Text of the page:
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South River Road
Waterville vicinity

, OH

The Lima and Toledo Traction Company Bridge was construted in 1907 by the National Bridge Company of Indianapolis, and it was considered to be a revolutionary type of bridge construction. The Old Electric Bridge, as it was called, was built of steel reinforced concrete and filled with earth. In fact, for this period some considered the bridge to be the longest such railroad bridge in the world. Twelve spans of Roman aqueduct architectural design anchor the 1220-foot bridge in solid river bedrock. The bridge linked Lucas and Wood counties and connected a busy Toledo with points south by means of an electric trolley. This Interurban Bridge was placed on the National Register of Historic Places in 1972.

329 W. 10th Street
Lorain

, OH

Author Toni Morrison was born, Chloe Ardelia Wofford, in Lorain on February 18, 1931. Her passion for language was nurtured by her family and while working at the Lorain Public Library during high school. Then housed in the Carnegie Center, the library hired her to reshelve and catalog books. Morrison said that she “was slow because I kept reading the books instead of putting them back fast.” Graduating Lorain High School (1949), she attended Howard University (BA 1953), Cornell (MA 1955), and she was a member of the Alpha Kappa Alpha sorority. During college she took the name “Toni,” shortening her saint name Anthony. Morrison worked as a literary editor and professor while also writing award-winning novels. She maintained a lifelong connection with Lorain. Morrison died August 5, 2019.

1420 Vine St.
Cincinnati

, OH

Near this site in Over-The-Rhine was one of the original Kroger Grocery & Baking Company stores, where Bernard H. Kroger began serving the Over-the-Rhine area in 1902. Kroger was 23 years old when he opened his first store, The Great Western Tea Company, at 66 East Pearl Street near the Cincinnati Riverfront in July of 1883. By 1902, when the company was incorporated as the Kroger Grocery & Baking Company, Kroger operated 40 stores. By 1908, the company had grown to a chain of 136 stores in Cincinnati, Dayton, Columbus, and Northern Kentucky, and began making deliveries to customers with 200 mule-drawn wagons. Kroger was the first to combine meats and groceries under one roof and the first grocery company to operate its own bakery. Currently called the Kroger Co., the grocer is a major contributor to the local economy.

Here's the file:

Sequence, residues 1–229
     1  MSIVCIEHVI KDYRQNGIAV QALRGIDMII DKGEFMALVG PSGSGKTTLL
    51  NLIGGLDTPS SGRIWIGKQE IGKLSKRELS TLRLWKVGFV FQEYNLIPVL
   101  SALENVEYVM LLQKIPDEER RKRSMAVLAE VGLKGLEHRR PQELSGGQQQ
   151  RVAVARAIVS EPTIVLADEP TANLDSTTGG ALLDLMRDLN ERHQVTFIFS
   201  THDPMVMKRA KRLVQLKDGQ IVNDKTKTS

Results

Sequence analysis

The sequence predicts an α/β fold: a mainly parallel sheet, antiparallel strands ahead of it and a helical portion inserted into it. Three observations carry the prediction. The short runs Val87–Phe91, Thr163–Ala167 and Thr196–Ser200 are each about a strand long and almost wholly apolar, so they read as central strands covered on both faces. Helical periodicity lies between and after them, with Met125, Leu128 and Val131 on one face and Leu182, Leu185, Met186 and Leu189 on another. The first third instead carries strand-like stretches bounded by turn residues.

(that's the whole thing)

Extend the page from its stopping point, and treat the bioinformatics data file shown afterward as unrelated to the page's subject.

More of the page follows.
Our Lady of the Elms, 1230 West Market Street
Akron

, OH

Elm Court, designed by Howard Van Doren Shaw of Illinois, was built in 1912 for Arthur Hudson Marks. The original mansion exemplifies the Italian Renaissance Revival style. Elm Court included the mansion, barn, stables, carriage house, pond, and a variety of trees, especially elms, on 33 acres. Arthur Marks was the inventive genius in chemistry and business who revolutionized the rubber industry in Akron. He was best known for inventing the alkaline-recovery vulcanization process in 1899, the cord tire, the chemical research laboratory system, and placing rubber research on a scientific basis. In World War I he served as director of chemical warfare services. Marks served as vice-president of B.F. Goodrich Company and Curtis Airplane and Engine Company and president of other rubber companies and the Aeolian Skinner Organ Company.